11 March, 2020
It is less than two weeks that the first Dutch person was infected with the corona virus, but the virus is spreading at a worryingly fast pace. 503 Dutch people now carry the corona virus and the number of infections is increasing daily.
In addition to the health risk ’ s the virus also has economic consequences. Two of the sectors that will be hit first are the hospitality industry and tourism. In Brabant, all major events have been cancelled, in Amsterdam the occupancy rate of hotels fell by 30% and the Koninklijke Horecavereniging Nederland is already sounding the alarm.
The coronavirus is expected to spread further in the coming weeks and there will be more consequences for the catering industry. In this article we explain what the coronavirus means for your catering business and how you can prevent the problems.
Can the government force me to close my business?
Do I have to decide to close my business?
Do I have to pay rent if my business is closed?
Is the coronavirus transmitted through food and drink?
Can I request a reduction in working hours?
Can I insure myself against the consequences of the coronavirus?
Can I let my employees take leave and vacation days?
If there is a quarantine, will I have to continue paying my employees?
How can I best inform my employees?
I think é é One of my guests is infected with the coronavirus, what can I do?
Which ë precautions should I take?
What should I do if all my reservations are cancelled?
How can I stay informed?
In the event of disasters, exceptional situations and epidemics ë n the government may take emergency measures to protect the country. If the coronavirus continues to spread, which unfortunately is likely, you may be forced to temporarily close your business. That already happened in Brabant earlier this week, when all major events and concerts were canceled by order of the government. Keep in mind that this can happen suddenly and the costs can be high. You simply have to continue to pay the rent, staff and fixed costs, while you can no longer generate any turnover. Therefore, think about applying for a reduction in working hours in good time (read more below).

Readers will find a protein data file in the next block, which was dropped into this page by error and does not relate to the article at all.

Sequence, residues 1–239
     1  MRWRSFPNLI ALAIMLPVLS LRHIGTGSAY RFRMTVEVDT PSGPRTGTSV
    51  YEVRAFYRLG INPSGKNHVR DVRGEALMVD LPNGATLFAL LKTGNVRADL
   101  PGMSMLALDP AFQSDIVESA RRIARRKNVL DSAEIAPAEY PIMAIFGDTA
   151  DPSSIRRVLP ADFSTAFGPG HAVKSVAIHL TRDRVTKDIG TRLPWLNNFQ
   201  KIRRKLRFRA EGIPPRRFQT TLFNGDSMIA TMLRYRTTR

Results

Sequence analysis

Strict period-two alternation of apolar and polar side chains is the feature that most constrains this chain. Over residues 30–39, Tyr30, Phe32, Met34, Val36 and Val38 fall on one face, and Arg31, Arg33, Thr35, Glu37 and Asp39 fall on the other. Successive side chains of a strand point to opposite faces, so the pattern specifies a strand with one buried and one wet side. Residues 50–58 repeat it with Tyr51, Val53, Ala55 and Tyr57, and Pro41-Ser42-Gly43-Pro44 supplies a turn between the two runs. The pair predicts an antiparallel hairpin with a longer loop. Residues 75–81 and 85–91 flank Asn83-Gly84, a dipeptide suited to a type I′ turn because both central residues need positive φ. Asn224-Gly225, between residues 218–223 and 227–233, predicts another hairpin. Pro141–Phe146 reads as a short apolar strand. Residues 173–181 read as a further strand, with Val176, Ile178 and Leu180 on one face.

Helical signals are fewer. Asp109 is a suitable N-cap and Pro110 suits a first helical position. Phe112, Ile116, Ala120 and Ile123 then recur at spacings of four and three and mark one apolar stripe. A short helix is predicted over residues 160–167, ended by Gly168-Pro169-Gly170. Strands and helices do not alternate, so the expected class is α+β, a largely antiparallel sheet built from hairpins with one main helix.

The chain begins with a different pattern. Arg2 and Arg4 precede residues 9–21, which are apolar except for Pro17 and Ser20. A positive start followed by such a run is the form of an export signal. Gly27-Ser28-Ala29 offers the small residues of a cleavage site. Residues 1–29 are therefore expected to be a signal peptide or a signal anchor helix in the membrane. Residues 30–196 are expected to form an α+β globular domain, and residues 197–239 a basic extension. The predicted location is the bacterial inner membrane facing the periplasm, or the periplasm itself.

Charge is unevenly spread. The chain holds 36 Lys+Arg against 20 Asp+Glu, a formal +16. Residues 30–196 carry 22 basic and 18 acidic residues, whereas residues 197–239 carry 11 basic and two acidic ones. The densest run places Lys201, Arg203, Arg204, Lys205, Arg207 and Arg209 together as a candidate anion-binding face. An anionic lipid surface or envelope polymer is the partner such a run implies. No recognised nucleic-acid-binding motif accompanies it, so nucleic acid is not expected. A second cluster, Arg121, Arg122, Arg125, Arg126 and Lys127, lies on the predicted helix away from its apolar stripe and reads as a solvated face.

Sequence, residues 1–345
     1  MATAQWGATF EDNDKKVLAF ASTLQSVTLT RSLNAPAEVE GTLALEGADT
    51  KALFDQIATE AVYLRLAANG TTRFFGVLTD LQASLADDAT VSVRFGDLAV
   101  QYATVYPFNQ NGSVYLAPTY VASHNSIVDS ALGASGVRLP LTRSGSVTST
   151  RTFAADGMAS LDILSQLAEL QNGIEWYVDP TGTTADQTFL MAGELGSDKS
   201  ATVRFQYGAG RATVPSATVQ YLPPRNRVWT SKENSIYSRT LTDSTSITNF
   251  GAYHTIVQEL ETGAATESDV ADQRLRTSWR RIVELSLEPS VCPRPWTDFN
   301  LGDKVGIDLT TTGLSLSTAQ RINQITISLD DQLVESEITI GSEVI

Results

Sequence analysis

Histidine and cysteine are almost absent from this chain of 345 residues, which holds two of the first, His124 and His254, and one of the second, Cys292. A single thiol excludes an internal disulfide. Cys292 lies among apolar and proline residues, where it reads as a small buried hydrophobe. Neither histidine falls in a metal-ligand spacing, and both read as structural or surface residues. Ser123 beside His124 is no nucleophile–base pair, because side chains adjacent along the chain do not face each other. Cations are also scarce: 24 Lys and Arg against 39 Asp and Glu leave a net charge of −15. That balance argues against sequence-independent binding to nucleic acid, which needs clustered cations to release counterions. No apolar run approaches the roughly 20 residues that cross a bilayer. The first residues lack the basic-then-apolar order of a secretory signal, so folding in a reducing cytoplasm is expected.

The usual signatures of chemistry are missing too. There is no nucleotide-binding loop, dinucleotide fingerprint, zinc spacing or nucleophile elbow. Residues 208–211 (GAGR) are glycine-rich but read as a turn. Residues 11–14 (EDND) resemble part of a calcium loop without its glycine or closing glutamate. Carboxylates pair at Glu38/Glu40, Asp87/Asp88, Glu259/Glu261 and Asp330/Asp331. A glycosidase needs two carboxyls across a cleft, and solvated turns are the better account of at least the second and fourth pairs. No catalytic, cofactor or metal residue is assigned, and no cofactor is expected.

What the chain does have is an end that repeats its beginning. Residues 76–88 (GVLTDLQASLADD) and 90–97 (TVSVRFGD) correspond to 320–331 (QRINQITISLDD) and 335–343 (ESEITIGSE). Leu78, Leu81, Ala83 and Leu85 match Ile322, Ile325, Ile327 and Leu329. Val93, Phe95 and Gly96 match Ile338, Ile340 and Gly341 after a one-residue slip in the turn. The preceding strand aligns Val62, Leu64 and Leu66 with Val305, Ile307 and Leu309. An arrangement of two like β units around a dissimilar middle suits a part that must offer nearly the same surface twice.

It is wise to protect yourself from the coronavirus and to protect your guests and customers. For the time being, however, the RVIM advises against closing your business or canceling an event – unless the government forces you to. The reason is that the virus has not yet spread throughout the country and that the chance of infection remains limited for the time being. If the situation escalates, there may be a point where it is good to temporarily close your business, but the government and RVIM will indicate this themselves in the news and on this information page . Before that, you would do well to maintain the hygiene ë ne and continue to inform your staff.
Unfortunately, you have to keep paying the rent, even if the government forces you to close your business. A common rental contract does not include any conditions about an emergency that might exempt you from the rent. In addition, the missed costs are seen as part of your entrepreneurial risk.
According to scientists, the coronavirus is mainly transmitted through the air and through physical contact. The transfer does not (or is é ) take place via consumer goods é That's why you don't have to worry about your purchases and suppliers. It may be wise to use other ë necessary measures and to inform your staff and guests (see below). Also, according to the RVIM the chance that the coronavirus will be transmitted by cash is very small.
You can request a reduction in working hours in extraordinary circumstances, for example in the event of a disaster, state of emergency or during an epidemic (included in article 8 of the Extraordinary Decree on Industrial Relations). Because the coronavirus falls under the exception, you can save a lot of money as an employer. With the working time reduction you can have your employees work less, ó ó k if they have a permanent contract. The hours that they do not work are then paid from the WW, so that you as an employer do not have to pay for the wage costs. However, there must be a direct link between the consequences of the coronavirus and the reduction in work of your staff. For more information about the short-time working and how you can apply for it, it is best to visit the website of the Government .